How to conduct family meetings to improve your relationship.

By: James E. DelGenio MS, LCPC
Senior Staff Therapist,
The Family Institute at Northwestern University

Conduct family meetings to manage child behavior too!
Once upon a time, families ate dinner together. There was no eating in front of the TV; no texting or answering the phone and no internet. This was a time when families discussed what was going on in the household i.e. news, upcoming events, behavior issues and general discussions. Dinner used to be the natural time for families to discuss their lives, upcoming events and issues of importance.

Today, I find that families rarely eat together, missing the opportunity for family discussion. Child activities including little league, football, soccer, music lessons, dance lessons, and all kinds of after school activities have come to interfere in this essential family event. Families have become ships in the night passing one another as they head out the door. The idea of after school activity is potentially a good one: keep the kids busy and you will keep them out of trouble. However, what has been lost is the sense of family and the opportunity for good communication.

When I was a child, dinner time was always between 5 and 5:30pm. I had a lot of freedom but I also knew what was expected of me. In this case, it was “be home by 5pm” for dinner.

We would hear stories, news and discuss family issues. Today parents have become dependent on dual incomes in order to maintain the lifestyle they want to give their family. Now that the world economy has become more difficult and we have high unemployment and home foreclosures are rampant, parents are working two jobs just to make ends meet. They work late or have different schedules and their relationship suffers. They too, are ships passing in the night. Many couples today report they feel disconnected, their communication has suffered and, in turn, so has the level of intimacy they share. This will ultimately lead to bickering, conflict, infidelity and possibly divorce. How sad that an important family event has disappeared without realizing the major negative impact on the family. Even when couples do realize the problem, there is little that can be done since they are trying to stay afloat financially.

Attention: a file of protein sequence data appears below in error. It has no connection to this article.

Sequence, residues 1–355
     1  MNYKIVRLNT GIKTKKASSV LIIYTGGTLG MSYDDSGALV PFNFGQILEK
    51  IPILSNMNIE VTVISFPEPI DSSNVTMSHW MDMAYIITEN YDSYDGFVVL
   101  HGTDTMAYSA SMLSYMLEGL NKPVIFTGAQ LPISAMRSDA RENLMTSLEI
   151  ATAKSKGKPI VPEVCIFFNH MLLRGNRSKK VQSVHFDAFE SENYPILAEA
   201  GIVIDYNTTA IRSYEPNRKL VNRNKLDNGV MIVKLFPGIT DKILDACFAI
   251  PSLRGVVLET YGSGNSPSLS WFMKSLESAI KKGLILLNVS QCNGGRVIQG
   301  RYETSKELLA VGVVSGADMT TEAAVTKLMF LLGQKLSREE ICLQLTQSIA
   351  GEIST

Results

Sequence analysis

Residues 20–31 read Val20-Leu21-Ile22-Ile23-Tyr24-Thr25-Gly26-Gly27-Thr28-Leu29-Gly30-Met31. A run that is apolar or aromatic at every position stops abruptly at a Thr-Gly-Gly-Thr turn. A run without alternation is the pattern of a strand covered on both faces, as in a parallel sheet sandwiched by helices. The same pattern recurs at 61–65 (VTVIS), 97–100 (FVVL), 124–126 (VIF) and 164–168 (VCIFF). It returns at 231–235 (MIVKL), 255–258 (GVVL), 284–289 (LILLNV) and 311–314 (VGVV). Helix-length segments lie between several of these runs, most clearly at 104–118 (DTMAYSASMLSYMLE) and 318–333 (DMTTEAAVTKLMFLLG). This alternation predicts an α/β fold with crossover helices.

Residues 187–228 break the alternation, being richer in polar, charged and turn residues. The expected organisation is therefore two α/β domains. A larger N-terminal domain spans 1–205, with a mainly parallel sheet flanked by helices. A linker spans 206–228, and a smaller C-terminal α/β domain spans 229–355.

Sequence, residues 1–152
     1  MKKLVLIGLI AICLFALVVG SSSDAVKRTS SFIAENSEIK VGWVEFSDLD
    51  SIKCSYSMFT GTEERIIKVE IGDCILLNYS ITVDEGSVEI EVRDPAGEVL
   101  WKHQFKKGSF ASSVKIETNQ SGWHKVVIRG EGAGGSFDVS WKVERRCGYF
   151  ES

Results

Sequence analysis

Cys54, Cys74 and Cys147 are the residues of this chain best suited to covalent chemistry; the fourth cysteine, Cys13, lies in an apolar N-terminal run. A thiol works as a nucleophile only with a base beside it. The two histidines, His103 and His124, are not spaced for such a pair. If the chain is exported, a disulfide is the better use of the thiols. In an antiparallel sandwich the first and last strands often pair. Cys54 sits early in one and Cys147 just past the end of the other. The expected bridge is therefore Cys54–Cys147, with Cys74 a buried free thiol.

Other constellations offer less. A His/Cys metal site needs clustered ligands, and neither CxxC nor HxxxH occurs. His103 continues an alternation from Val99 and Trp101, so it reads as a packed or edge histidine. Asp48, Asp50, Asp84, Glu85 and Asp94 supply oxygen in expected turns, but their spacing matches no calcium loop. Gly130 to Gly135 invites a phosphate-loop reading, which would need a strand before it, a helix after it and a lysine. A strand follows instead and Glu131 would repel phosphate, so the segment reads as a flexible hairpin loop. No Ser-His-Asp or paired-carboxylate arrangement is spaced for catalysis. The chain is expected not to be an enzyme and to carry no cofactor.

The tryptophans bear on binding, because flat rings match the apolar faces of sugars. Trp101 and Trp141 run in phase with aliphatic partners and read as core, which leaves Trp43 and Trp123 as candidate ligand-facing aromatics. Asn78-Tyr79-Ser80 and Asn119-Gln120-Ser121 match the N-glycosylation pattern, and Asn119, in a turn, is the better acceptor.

One way to reclaim some of that lost family communication time are family meetings, though some of my clients prefer to call them team meetings. I encourage families to gather at least once per week to discuss four areas. Ideally, this should be done at the same day and time each week.

There should also be a pre-family meeting with just mom and dad!

There should also be a pre-family meeting for mom and dad to discuss their issues, in-laws, finances, (make your own agenda) and get on the same page for the meeting with the kids to ensure you are parenting as a team.  Take this opportunity to plan a date night! Try to be consistent.

The general topics to discuss are News, Compliments, Issues and Feedback. Here are some examples:
1. News: This is a chance to keep everyone up to date of all the family events coming up. The more informed everyone is, the more opportunities to share the scheduled load and the less stress for last minute- must do projects. “We are going to grandma’s house next weekend or Joey has a science project due and he will need craft paper”

2. Compliments: Search for things your child is doing well, no matter how small and acknowledge it. It will increase their sense of confidence and self-esteem. Show that you are excited and proud of them. “You did a nice job getting ready for school on time.”

3. Issues: We live in an increasingly complex world that challenges us every day with a wide range of disturbing issues. By initiating conversations with your children, you will create an open environment and be able to address the tougher topics i.e. homework, curfew issues, chaotic morning or bedtime routine, alcohol and drug abuse. Hopefully, next week you will have compliments from improvement in this weeks issues.

Tip: don’t tackle too many issues at once.

4. Feedback: Listen to your children and allow them the chance to express their concerns, complaints and express their feelings. You will learn more about your child if you open your ears and close your mouth.

I have found that both parents and children love this opportunity. The only concern is that as much as everyone in the house likes this, parents themselves have a difficult time being consistent. They often report that they were consistent initially but the process hasn’t been repeated in weeks. Be consistent! Family meetings are just one way to address the potentially poor communication within the family.


Now I work via zoom, and it is still covered by BCBS PPO. Check with your BCBS representative. Call James E. DelGenio MS, LCPC, Senior Staff Therapist at The Family Institute at Northwestern University, 847-733-4300 Ext 638.

Disclaimer: This material is meant to be used in conjunction with psychiatric treatment, medication, if necessary, and supportive therapy. Always share this material and your questions about this material with your doctor and therapist.

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